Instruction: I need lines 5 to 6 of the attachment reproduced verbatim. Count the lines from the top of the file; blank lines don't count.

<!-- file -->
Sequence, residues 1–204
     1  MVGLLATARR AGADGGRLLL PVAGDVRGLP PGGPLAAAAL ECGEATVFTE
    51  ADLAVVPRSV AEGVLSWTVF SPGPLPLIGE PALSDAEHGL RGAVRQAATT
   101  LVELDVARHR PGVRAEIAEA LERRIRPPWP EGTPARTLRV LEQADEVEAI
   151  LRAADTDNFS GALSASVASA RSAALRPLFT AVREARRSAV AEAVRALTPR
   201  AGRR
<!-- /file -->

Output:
   151  LRAADTDNFS GALSASVASA RSAALRPLFT AVREARRSAV AEAVRALTPR
   201  AGRR